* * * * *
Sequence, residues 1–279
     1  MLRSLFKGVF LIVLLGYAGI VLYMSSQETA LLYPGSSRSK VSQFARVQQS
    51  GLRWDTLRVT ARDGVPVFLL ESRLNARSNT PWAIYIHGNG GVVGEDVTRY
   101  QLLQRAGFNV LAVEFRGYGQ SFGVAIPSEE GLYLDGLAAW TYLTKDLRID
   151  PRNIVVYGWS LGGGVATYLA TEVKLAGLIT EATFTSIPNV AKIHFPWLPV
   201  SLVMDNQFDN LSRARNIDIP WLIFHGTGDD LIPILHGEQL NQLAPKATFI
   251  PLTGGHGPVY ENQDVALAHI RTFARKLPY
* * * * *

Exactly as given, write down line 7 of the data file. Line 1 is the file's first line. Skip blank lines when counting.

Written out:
   251  PLTGGHGPVY ENQDVALAHI RTFARKLPY